Challenge for Abbas mounts

Embattled Palestinian Prime Minister Mahmoud Abbas’ position has been weakened rather than strengthened after his Israeli counterpart Ariel Sharon managed to puncture the initial enthusiasm of Abbas’ first visit to the White House, say analysts.

    The Bush-Sharon meeting made Abbas' path more difficult

    Abbas managed to persuade US President George W Bush to make a rare public criticism of Israel last Friday when Bush said the apartheid wall Israel is erecting in the occupied West Bank was undermining confidence in the “road map”.

    But after his own audience with Bush on Tuesday, Sharon vowed Israel would push ahead with the wall.

    Allies of Abbas, who expected him to return home later on Wednesday, had warned that the outcome of his trip was crucial for his political survival. Some Palestinian resistance leaders had warned if the Premier returned from Washington without solid guarantees from the Bush administration, he would face a no-confidence vote.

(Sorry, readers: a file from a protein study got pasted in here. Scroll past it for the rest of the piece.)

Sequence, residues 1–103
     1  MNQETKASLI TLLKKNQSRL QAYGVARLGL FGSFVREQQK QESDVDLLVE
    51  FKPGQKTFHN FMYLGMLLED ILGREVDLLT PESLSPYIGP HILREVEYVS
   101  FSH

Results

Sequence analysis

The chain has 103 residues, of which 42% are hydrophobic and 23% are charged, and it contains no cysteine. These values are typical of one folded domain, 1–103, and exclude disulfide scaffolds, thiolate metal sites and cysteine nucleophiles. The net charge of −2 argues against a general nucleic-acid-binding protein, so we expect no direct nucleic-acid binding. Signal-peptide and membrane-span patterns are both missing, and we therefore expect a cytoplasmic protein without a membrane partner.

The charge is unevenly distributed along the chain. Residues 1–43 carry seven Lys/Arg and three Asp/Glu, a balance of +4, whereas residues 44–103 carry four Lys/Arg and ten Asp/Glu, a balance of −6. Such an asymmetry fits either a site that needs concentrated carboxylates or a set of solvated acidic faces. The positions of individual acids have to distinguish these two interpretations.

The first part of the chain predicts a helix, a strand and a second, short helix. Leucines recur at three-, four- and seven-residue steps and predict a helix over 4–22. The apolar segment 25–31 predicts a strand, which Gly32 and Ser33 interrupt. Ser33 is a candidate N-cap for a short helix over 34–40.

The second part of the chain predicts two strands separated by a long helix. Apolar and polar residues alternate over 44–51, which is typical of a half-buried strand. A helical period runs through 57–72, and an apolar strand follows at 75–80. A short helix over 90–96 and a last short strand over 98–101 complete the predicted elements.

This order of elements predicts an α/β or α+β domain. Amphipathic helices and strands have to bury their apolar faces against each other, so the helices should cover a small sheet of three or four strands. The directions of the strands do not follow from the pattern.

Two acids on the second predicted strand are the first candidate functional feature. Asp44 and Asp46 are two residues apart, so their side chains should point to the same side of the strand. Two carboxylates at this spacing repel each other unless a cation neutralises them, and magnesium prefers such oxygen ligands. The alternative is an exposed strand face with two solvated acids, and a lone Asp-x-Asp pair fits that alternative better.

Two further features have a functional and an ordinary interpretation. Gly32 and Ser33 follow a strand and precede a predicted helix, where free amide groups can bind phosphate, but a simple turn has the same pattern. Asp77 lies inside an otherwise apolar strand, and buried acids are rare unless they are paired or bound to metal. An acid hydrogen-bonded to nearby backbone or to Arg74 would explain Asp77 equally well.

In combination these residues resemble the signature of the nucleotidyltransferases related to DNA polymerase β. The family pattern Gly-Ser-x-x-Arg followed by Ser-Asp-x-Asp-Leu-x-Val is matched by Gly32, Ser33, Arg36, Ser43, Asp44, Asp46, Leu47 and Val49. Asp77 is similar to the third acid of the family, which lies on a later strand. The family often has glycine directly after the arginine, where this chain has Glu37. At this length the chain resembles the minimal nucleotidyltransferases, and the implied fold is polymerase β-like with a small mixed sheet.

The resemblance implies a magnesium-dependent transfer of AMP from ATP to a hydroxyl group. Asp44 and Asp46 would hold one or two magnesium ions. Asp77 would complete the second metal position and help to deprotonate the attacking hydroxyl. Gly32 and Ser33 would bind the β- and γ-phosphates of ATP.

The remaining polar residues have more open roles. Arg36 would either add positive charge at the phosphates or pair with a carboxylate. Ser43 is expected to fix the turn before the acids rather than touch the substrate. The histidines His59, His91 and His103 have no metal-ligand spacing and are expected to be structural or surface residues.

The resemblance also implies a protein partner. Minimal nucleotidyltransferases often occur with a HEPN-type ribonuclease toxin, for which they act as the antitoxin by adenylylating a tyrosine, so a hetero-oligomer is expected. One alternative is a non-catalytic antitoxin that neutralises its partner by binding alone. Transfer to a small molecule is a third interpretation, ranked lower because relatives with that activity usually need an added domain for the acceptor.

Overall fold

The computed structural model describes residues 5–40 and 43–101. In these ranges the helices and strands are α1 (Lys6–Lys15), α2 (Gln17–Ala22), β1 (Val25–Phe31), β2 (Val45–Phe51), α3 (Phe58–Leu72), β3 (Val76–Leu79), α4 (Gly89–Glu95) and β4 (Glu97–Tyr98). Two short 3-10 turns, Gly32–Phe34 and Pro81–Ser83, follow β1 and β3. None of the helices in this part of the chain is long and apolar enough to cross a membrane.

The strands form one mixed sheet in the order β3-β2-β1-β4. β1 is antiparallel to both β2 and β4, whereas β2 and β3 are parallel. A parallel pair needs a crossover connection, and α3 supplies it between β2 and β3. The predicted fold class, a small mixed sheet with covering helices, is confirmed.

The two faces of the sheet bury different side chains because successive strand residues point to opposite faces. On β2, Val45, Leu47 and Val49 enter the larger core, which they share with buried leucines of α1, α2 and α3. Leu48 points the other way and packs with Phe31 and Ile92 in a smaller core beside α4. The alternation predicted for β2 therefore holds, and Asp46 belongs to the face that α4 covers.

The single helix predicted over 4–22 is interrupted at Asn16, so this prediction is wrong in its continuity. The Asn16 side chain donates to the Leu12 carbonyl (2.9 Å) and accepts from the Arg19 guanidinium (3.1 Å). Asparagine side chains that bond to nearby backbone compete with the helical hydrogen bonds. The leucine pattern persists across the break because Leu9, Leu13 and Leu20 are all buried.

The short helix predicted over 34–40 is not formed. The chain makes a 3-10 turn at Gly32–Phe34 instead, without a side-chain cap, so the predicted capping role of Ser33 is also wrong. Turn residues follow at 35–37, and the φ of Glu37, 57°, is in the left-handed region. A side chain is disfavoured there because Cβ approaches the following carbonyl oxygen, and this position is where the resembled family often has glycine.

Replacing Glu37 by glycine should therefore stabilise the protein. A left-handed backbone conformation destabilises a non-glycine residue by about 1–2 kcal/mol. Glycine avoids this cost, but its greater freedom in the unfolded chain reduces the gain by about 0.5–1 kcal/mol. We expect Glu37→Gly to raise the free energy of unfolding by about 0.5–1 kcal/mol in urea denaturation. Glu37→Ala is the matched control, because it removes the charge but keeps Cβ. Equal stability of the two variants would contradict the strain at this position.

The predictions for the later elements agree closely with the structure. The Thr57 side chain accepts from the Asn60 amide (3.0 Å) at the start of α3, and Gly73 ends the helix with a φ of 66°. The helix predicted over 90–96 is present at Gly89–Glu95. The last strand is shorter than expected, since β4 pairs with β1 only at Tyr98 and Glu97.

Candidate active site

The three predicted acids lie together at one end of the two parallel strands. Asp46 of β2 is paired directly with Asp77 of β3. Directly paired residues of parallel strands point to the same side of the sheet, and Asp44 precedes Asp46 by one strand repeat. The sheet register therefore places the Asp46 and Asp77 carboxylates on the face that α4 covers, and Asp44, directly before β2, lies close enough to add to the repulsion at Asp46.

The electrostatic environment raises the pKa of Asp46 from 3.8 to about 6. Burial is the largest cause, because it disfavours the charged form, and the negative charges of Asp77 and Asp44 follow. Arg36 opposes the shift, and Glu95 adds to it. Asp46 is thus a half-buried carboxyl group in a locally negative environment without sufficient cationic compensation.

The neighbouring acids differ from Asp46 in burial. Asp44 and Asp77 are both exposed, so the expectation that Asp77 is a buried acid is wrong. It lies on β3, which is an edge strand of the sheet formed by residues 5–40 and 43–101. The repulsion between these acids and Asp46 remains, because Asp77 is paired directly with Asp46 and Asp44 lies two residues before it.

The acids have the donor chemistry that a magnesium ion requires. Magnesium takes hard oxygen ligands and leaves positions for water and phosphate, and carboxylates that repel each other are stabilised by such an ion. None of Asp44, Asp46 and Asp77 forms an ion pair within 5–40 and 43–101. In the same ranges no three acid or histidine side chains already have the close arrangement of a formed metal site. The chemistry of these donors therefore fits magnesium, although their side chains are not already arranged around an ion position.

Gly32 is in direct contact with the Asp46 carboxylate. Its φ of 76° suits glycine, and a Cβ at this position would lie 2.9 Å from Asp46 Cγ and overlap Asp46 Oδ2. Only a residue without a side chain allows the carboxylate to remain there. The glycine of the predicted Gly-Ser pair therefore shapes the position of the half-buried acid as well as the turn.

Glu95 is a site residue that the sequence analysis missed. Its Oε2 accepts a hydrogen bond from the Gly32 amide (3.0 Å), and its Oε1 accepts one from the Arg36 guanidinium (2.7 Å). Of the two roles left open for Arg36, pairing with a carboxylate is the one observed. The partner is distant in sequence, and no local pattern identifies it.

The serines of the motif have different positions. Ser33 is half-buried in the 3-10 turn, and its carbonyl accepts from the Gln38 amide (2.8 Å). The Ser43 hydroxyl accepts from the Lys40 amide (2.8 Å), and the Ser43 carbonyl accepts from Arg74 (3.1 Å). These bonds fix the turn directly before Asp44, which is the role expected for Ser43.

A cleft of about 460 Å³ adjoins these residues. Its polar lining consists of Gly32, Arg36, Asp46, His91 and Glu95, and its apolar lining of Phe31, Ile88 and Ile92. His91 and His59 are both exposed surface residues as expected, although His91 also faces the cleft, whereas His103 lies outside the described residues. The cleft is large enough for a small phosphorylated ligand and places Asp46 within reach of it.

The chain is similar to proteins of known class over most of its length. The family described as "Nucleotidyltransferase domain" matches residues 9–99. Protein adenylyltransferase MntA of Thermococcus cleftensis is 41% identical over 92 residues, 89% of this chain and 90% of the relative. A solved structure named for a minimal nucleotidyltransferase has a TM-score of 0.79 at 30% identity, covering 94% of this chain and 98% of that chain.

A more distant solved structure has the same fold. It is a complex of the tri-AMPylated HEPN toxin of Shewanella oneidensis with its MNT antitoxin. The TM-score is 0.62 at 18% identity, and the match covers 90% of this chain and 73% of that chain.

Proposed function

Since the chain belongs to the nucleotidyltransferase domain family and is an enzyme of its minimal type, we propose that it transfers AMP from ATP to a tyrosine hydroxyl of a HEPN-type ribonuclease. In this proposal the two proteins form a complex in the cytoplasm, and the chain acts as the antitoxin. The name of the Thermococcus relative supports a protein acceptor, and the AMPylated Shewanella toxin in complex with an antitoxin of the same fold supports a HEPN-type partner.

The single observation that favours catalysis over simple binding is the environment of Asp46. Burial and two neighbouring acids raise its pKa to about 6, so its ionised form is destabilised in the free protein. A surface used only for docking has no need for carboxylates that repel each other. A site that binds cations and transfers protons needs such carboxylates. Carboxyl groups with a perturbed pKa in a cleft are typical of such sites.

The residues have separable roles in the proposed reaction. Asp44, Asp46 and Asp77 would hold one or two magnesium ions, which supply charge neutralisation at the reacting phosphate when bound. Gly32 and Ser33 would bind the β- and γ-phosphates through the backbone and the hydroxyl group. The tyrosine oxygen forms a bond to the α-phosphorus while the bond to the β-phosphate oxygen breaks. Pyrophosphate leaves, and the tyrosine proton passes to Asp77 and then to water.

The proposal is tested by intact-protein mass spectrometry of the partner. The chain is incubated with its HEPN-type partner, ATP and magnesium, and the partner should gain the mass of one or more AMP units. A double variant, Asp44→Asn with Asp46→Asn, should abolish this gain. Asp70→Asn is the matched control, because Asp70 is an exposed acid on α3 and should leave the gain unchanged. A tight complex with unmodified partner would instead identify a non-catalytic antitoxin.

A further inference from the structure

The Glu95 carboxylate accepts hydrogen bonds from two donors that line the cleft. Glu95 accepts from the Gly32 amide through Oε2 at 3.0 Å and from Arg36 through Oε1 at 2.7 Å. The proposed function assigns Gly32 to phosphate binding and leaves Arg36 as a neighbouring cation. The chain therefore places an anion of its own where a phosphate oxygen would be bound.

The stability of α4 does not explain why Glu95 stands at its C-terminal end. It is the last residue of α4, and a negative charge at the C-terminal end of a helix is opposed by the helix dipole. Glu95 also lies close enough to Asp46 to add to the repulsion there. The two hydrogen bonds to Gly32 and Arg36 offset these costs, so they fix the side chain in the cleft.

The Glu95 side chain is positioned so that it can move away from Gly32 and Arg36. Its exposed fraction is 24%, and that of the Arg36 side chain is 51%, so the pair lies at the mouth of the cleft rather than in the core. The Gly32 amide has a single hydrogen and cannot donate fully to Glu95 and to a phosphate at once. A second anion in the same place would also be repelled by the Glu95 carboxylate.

Abbas won praise from Bush for his “vision” and “courage” but observers say that there is little evidence of a u-turn from Washington in its instinctive alliance with Israel.

    Bush also failed to wring commitments from the Israeli premier on a halt to illegal settlement activity or troops withdrawals from occupied Palestinian towns.

    Optimism ebbs

    Bush has sidelined Palestinian
    President Yassir Arafat for Abbas

    A columnist with the Palestinian al-Ayyam daily, Hani al-Masri, said the challenges facing Abbas had now increased.

    “After the Bush-Abu Mazen (Abbas’ alias) meeting, there was a sense that things were moving ahead since there was a concrete position from the Americans on the wall and on the settlements,” he said.

    “But it all evaporated after the Bush-Sharon meeting and it will be difficult to expect future US pressure on Sharon because the Americans will be busy with the elections.”

    Abbas’ Labour Minister Ghassan Khatib said there was a sense of despondency among Palestinians after the initial burst of optimism but said he was encouraged by Bush’s continued interest in the US-backed “road map” aimed at ending the Palestinian-Israeli conflict.

    “It’s true there is disappointment that Bush did not manage to convince Sharon to retreat on the issue of the wall and settlement activities but it is clear that the Americans are engaged more and more in the process and this is very important,” he said.



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